h) Quality Assurance and Compliance Monitoring - Creates a quality assurance compliance monitor, employed by the bureau to conduct random quality control inspections and verify compliance with the packaging and labeling standards. The compliance monitor will also be responsible for independent tax verification.
i) Cannabis Destruction - Clarifies that only a peace officer can seizes and destroys cannabis.
j) Volatile Substance Definition - Codifies the definition of volatile substance included in recently released draft regulations.
k) Local Verification Process - Require local jurisdictions to provide the bureau a copy of any ordinance or regulation related to commercial cannabis activity and a contact to serve as a liaison between the state licensing entities and the local jurisdiction. Outlines a process by which locals and the state licensing authorities will communicate regarding an applicant for licensure.
4) Enhances Tax and Cash Payment Provisions, including:
a) Cultivation and Excise Taxes:
i) Creates a methodology to implement the two taxes imposed by Proposition 64, the cultivation tax (9.35 per dry weight ounce for flowers and $2.75 for leaves) and excise tax (15 percent of the sales price).
ii) Clarifies that the cultivation tax shall be imposed when the cannabis or cannabis products enter the commercial marketplace.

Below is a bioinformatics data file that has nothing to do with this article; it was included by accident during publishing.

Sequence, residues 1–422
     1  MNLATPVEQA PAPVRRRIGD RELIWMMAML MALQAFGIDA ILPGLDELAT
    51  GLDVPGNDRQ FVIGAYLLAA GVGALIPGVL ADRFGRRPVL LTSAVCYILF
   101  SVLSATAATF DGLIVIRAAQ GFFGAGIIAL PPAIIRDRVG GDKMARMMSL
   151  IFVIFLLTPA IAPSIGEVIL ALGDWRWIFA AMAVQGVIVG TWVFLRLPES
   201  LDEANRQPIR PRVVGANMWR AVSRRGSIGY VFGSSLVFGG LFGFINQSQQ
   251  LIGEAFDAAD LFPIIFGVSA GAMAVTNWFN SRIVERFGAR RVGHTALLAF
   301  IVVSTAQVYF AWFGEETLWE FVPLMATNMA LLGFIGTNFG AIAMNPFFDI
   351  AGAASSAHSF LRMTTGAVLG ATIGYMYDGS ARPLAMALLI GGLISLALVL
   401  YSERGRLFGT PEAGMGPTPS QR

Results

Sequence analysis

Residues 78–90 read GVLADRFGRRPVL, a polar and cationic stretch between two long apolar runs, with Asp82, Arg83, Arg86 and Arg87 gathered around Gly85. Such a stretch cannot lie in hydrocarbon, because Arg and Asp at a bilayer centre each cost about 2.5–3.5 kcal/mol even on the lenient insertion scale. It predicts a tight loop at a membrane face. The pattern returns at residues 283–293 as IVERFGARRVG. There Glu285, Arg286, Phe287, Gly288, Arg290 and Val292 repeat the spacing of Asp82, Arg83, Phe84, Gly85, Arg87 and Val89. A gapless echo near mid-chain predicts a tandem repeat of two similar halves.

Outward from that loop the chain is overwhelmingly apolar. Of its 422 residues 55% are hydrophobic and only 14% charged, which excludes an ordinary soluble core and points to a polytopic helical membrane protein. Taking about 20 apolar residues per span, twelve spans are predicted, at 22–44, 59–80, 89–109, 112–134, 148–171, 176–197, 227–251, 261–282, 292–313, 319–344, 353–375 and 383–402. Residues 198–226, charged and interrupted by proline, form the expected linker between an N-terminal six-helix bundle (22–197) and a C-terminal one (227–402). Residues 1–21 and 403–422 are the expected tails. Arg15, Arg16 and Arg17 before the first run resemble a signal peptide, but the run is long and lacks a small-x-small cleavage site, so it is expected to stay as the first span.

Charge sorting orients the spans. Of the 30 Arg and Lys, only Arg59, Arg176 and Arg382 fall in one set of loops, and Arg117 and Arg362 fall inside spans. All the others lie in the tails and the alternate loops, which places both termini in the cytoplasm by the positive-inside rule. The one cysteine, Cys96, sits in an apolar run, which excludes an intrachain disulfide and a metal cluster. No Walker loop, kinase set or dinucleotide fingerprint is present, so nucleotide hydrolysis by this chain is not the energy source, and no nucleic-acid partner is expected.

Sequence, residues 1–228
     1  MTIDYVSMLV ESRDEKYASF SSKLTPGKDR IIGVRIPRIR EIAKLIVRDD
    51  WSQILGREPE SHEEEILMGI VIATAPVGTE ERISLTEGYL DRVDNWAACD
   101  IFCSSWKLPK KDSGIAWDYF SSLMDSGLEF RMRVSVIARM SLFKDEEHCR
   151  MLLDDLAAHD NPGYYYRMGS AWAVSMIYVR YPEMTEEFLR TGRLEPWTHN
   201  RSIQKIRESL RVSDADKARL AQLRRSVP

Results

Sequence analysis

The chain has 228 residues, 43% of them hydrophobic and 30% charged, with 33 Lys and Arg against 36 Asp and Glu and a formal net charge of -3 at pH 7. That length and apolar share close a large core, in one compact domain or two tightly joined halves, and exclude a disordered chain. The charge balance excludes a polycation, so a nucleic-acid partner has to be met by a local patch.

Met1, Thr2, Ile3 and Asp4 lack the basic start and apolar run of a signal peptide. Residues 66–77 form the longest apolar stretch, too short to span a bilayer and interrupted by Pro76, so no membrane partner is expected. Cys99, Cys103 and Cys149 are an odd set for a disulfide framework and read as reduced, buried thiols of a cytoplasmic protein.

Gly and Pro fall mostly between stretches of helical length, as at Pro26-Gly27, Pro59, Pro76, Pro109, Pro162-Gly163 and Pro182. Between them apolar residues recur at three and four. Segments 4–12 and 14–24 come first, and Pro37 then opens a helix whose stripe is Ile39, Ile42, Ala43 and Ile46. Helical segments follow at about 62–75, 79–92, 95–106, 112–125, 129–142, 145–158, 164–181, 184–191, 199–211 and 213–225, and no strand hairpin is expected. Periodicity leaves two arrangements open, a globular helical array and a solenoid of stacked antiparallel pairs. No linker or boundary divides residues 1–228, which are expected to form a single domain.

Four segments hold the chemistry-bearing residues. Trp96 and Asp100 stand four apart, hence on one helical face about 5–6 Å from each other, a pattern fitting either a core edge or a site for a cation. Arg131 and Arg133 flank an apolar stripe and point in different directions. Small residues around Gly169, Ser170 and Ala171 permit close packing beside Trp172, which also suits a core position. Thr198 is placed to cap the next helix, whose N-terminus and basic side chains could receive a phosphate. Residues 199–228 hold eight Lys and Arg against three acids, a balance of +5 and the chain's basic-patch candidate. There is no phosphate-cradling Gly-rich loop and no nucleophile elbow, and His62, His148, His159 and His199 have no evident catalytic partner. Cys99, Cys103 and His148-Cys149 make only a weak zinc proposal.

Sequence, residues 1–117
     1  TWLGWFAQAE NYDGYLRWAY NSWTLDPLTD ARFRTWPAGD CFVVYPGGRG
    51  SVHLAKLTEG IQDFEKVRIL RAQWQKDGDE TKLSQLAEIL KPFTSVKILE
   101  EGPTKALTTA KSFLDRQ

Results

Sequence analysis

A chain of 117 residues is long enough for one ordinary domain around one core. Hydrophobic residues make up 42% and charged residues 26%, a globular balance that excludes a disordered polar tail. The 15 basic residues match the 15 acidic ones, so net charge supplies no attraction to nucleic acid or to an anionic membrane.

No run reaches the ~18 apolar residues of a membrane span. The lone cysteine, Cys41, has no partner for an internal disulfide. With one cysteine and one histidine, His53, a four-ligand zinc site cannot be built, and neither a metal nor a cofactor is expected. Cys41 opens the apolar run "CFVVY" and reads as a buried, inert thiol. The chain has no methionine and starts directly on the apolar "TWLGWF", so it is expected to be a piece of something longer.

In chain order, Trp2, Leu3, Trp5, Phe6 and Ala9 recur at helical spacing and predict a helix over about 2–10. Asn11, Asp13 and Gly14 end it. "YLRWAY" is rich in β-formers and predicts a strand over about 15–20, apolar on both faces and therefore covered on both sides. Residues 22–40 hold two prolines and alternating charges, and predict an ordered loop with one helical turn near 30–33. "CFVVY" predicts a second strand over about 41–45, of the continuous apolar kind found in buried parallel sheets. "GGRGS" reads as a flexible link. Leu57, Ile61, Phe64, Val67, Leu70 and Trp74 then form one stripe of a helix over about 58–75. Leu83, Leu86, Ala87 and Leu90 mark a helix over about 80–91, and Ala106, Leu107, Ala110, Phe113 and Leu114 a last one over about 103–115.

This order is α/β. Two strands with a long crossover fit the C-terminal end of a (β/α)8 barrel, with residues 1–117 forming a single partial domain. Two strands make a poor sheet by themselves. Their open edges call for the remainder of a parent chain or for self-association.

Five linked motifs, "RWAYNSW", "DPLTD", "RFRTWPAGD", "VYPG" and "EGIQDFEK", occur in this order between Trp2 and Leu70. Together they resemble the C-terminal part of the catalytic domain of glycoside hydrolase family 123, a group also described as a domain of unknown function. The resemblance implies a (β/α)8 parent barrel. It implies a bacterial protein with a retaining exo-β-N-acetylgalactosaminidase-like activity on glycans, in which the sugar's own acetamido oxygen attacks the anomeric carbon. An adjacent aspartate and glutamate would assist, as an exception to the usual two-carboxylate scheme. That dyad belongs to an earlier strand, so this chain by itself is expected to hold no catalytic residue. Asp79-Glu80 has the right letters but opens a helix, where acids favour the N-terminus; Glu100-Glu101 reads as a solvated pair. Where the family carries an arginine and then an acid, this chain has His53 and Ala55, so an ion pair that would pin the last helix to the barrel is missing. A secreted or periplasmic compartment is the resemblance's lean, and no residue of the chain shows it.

iii) Requires the distributor to collect and remit the cultivation tax at the time of distribution and create a tax liability for the excise tax at the same time. The excise tax is due and payable 90-days after the transfer of the products.
iv) Allows the Board of Equalization (BOE) or its successor agency to determine refund policies to ensure that there is no overpayment of tax.
v) The bill does not change the incidence of tax and requires that BOE or its successor agency determine the actual tax.
b) Cash Collection – Establishes that by January 1, 2018, the Secretary of Business, Consumer Services, and Housing or his or her designee work with the Legislature, the Department of Consumer Affairs, the Department of Food and Agriculture (CDFA), the State Department of Public Health, and any other related departments to ensure that there is a safe and viable way to collect cash payments for taxes and fees related to the regulation of cannabis activity throughout the state.
c) North Coast Office - Requires that by July 1, 2018, the bureau, in coordination with the Department of General Services, shall establish an office to collect fees and taxes in the County of Humboldt, County of Trinity, or County of Mendocino in order to ensure the safe payment and collection of cash for licenses and taxes in those counties.
5) Environmental clarifications include:
a) License Conditions - Clarifies that cultivation licenses issued by CDFA shall include conditions requested by the Department of Fish and Wildlife (DFW) and the State Water Resources Control Board (SWRCB).
b) Adverse Impacts - Specifies that if DFW or the SWRCBfinds that cultivation is causing significant adverse impacts in a watershed, CDFA shall not issue new cultivation licenses or increase the total number of plant identifiers in that watershed.
c) Denial of License – Specifies that licensing entities can deny an application for a licensure or renewal for failure or inability to meet environmental requirements.